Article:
DEAR HARRIETTE: A good friend has been complaining about how his co-worker is always looking for validation. This same friend comes to me on a regular basis looking for validation himself. This dude sends me samples of his work so I can give my “honest opinion.” The work is good, but I’ve had enough. Once in a while, it’s OK, but this has become more and more frequent. How do I explain to him he’s doing the same thing that he’s complaining to me about? -- Enough Validation, San Diego
DEAR ENOUGH VALIDATION: Usually what upsets people in others is exactly what is true about them, though they rarely notice it. In your friend’s case, it is true that most people crave validation. We all want to feel loved, respected and seen. Depending upon our backgrounds, the need for external support can vary dramatically.
A kind way for you to address this situation is to tell your friend that what you know about people, pretty much all people, is that we want to be accepted and respected. Point out that you have noticed that he gets frustrated by the co-worker who constantly wants validation, and you understand that it can get tiring at times. Then gently point out that your friend does the same thing with you. Be prepared to give a couple of examples, as he is likely unconscious of his behavior. Give him space to be embarrassed, but point out that we are all in this thing called life together. We need to give each other some slack and work on being more confident from the inside out.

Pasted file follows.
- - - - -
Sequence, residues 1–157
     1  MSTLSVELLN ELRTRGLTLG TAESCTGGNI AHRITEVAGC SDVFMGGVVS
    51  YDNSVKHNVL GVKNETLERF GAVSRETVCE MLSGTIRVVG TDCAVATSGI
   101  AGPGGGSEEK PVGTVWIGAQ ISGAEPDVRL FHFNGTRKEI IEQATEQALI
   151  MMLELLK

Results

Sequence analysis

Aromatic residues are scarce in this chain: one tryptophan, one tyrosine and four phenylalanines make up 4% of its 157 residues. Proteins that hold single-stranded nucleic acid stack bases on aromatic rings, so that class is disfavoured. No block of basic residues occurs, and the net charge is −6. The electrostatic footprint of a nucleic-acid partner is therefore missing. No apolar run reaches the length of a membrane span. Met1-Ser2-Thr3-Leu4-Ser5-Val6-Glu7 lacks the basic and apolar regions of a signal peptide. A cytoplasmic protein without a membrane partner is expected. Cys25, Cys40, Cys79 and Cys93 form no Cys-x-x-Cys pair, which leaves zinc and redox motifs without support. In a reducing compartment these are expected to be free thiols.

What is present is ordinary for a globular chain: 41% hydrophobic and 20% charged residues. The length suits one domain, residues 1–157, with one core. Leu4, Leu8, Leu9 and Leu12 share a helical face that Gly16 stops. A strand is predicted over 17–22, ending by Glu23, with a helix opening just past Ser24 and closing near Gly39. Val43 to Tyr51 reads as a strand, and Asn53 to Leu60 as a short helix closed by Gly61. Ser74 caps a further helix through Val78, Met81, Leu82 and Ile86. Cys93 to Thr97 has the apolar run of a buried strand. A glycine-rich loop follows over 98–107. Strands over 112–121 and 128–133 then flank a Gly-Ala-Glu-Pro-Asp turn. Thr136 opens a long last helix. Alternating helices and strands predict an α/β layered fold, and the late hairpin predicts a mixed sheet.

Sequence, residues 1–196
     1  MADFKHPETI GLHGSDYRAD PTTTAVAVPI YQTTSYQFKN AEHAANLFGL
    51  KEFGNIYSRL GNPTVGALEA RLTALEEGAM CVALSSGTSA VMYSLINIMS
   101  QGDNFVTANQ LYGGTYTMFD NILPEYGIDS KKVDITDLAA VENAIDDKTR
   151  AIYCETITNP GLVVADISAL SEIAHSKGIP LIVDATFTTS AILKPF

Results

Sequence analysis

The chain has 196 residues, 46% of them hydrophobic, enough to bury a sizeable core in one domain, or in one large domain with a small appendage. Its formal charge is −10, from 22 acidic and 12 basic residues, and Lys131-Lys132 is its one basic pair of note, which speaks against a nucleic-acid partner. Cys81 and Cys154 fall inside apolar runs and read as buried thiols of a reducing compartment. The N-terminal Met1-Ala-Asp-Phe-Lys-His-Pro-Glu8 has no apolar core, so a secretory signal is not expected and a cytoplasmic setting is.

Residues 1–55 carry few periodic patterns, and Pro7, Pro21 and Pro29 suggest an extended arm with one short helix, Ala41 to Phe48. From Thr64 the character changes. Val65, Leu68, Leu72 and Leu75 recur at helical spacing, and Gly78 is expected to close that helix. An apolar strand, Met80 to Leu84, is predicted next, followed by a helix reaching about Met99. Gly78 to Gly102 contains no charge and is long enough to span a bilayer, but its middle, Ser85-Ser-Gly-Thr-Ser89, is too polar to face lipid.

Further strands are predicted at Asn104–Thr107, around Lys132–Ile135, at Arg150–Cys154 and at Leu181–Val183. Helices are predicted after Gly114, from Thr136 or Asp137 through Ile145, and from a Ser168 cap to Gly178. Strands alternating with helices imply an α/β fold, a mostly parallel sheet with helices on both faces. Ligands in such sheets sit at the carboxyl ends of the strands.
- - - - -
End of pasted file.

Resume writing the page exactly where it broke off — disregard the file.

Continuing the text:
DEAR HARRIETTE: One of my family members desperately wants to get married but has horrible social skills. Overall, this person is nice and successful; she has a master’s degree and great credit, and she owns her home. But like I said, she has horrible social skills -- she either tries too hard or not at all. I would like to help.
I want to introduce her to someone I’ve dated in the past because I think they would make a great couple. There is a small problem: The woman I dated hints she wants to get back together, but I think only because she wants to get married. I’m definitely not interested. I think these two would be a great couple because they have accomplished similar goals, and both seem to be socially challenged. What are your thoughts about me introducing my ex to a close family member? -- Introducing the Ex, Seattle
DEAR INTRODUCING THE EX: Start with your ex. Be clear that you are not interested in being anything more than friends. Tell her that you have someone you think could be a great partner for her. If she seems interested, make it clear that this is a family member, so you want her to be sensitive to a meeting.
If she seems open to the possibility, speak to your family member and explain that you think your ex might be a great match for them. introduce them only if both of them are open to the idea. Obviously, you should keep your awareness of their social awkwardness to yourself.
(Harriette Cole is a lifestylist and founder of DREAMLEAPERS, an initiative to help people access and activate their dreams. You can send questions to email@example.com or c/o Andrews McMeel Syndication, 1130 Walnut St., Kansas City, MO 64106.)